Judge allows millions of pounds of Alaska seafood to move
Companies that haul fish from Alaska to the eastern U.S. can resume shipping what they say is an estimated 26 million pounds of frozen fish that has been stranded in Canada in a battle over a federal maritime shipping law known as the Jones Act, a federal judge ruled on Oct. 10.
The decision is a temporary victory for Kloosterboer International Forwarding and Alaska Reefer Management. The companies last month sued U.S. Customs and Border Protection, asserting that the agency has wrongfully issued more than than $350 million in penalty notices to Kloosterboer and other companies in the transport chain.
The federal government claims the companies since 2012 have secretly used a specially built, 100-foot rail track at the port of Bayside in New Brunswick, near the border with Maine, in an illegal attempt to take advantage of an exemption in the act.
Customs and Border Protection cannot issue new penalties for seafood moved through the Bayside rail line until the case is resolved, U.S. District Court Judge Sharon Gleason in Anchorage said in the 24-page decision.
Not allowing the seafood distribution would close factories, hurt jobs and disrupt the supply chain for the U.S. Department of Agriculture food bank and school lunch programs, Gleason said in the order.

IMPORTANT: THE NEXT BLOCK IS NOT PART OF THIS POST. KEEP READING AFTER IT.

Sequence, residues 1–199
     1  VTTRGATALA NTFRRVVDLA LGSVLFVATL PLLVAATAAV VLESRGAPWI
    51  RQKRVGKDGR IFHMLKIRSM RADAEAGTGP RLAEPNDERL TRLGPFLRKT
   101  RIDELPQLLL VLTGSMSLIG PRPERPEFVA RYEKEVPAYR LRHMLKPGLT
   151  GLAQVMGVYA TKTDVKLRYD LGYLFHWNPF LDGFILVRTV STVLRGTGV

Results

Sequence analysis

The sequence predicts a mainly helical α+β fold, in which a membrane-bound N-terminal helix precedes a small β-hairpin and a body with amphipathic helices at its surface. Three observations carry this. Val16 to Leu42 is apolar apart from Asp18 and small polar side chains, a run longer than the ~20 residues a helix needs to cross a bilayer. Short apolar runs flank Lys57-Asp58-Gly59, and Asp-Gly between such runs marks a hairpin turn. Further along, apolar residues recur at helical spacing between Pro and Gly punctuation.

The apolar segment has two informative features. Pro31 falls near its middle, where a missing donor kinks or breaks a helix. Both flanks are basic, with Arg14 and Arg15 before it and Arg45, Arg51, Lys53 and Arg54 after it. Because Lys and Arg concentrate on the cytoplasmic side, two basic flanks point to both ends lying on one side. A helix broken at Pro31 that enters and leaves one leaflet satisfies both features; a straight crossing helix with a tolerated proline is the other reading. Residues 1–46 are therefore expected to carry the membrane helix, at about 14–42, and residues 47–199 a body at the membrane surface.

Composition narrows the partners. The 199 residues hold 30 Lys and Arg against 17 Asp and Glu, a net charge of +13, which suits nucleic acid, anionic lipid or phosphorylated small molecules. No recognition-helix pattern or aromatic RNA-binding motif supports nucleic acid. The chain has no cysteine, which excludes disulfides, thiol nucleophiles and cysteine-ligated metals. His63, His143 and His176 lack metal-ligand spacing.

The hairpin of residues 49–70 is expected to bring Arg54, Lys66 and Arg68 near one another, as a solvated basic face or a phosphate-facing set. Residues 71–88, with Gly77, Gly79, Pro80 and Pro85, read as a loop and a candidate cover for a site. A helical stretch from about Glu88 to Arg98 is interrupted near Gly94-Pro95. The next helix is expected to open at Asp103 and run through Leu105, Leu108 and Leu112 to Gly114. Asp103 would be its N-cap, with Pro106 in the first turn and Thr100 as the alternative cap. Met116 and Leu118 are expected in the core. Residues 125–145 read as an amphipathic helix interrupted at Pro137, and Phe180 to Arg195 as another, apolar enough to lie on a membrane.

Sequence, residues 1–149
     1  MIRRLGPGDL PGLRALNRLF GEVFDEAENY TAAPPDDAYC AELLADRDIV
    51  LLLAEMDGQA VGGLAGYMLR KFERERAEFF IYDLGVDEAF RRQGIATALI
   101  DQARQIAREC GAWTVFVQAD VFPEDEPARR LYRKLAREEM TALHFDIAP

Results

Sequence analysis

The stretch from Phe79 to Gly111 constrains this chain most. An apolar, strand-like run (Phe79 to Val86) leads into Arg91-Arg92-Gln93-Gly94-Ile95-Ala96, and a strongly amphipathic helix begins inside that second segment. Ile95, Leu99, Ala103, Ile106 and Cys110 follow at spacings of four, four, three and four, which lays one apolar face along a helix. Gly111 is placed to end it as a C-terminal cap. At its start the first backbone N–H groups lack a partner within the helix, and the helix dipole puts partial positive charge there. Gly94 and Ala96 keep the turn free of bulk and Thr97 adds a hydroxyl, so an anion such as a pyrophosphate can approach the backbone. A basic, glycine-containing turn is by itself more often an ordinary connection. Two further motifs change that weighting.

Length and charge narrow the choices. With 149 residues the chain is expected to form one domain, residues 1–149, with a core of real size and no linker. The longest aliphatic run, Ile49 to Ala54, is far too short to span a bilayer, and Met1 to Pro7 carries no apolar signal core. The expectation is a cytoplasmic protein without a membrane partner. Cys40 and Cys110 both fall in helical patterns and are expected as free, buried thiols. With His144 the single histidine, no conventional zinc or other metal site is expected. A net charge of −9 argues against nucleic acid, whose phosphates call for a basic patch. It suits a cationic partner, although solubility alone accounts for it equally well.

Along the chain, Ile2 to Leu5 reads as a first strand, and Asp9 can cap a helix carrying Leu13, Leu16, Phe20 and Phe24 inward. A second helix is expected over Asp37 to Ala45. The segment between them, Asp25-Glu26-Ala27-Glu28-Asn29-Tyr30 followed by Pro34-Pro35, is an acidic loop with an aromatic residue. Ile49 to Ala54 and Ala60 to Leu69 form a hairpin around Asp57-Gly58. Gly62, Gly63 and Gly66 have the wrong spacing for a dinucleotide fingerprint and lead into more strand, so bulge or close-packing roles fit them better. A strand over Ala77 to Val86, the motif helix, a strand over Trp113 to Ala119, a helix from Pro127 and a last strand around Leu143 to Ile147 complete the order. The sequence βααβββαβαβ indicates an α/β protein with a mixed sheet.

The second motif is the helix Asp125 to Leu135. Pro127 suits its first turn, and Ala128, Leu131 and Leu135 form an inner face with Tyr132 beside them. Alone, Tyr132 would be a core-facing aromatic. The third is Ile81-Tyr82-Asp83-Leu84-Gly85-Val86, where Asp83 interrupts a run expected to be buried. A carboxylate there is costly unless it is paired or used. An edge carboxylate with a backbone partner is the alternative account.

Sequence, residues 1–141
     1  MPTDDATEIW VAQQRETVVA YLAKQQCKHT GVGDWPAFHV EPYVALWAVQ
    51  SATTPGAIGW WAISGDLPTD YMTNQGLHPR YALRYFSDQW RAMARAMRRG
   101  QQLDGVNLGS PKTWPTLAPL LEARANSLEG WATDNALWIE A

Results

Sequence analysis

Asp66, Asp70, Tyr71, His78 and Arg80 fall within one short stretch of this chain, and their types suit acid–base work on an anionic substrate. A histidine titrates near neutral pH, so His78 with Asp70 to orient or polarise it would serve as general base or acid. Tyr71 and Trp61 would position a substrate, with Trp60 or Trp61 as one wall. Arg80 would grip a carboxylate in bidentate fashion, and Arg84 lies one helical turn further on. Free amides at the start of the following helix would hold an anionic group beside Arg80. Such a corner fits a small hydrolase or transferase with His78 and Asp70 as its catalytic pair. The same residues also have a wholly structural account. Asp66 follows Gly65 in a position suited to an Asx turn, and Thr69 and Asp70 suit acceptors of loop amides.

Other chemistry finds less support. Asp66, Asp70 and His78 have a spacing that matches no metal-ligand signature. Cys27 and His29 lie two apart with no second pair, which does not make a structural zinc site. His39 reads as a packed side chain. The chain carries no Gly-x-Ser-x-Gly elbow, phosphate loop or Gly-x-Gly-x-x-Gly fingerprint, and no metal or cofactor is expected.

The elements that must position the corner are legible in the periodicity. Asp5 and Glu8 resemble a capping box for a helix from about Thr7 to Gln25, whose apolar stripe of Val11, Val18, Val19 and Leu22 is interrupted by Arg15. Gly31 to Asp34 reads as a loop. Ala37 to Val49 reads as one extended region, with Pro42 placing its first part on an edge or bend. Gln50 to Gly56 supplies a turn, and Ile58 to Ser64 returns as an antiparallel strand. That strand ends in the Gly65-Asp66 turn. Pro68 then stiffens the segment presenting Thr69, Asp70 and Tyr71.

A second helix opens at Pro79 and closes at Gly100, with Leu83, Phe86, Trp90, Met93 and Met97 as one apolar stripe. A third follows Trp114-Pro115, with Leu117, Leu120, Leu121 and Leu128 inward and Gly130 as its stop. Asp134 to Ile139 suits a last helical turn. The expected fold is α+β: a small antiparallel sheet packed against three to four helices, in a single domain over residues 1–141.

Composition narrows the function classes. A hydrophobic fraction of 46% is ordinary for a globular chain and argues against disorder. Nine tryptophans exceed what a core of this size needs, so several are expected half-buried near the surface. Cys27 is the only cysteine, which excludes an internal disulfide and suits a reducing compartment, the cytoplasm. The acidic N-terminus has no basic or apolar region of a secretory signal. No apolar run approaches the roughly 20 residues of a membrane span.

The seafood, mostly pollock, is caught by fishermen working from Dutch Harbor in Alaska’s Aleutian Islands. It reaches stores and restaurants on the East Coast.
“We were forced to halt shipping over 50 days ago,” said Jennifer Adamski, Kloosterboer’s director of logistics and operations, in a prepared statement. “As a result, 26 million pounds of Alaska produced seafood products remain in the Bayside cold storage, unable to reach U.S. seafood manufacturers at a time when the supply chain is severely strained.”
The companies say they have recently taken steps that Gleason required in an earlier round in the case, including filing a petition seeking administrative remedies with Customs and Border Protection, Gleason’s decision said.
The two seafood shipping companies provide transportation and logistics services as part of the American Seafoods Group family.
The Jones Act requires that vessels carrying goods between two U.S. points be American-made and American-flagged. The companies use foreign-flagged ships. But they say they meet a Jones Act exemption because the seafood travels briefly by rail in Canada.
The U.S. Department of Justice asserts that before 2012, the companies legally used the New Brunswick Southern Railway to transport their seafood in Canada, a journey of more than 30 miles along an established railway that moved the seafood from one point to another.
But in 2012, the companies began using the 100-foot mini-track that goes nowhere, which the Justice Department argues is unlawful. The companies briefly roll the seafood-filled trucks on the track in an effort to save money and find a loophole in the Jones Act, the agency asserts.
Kloosterboer and Alaska Reefer argue that the short track is a registered Canadian rail line and a legal part of the shipping route between Alaska and the East Coast.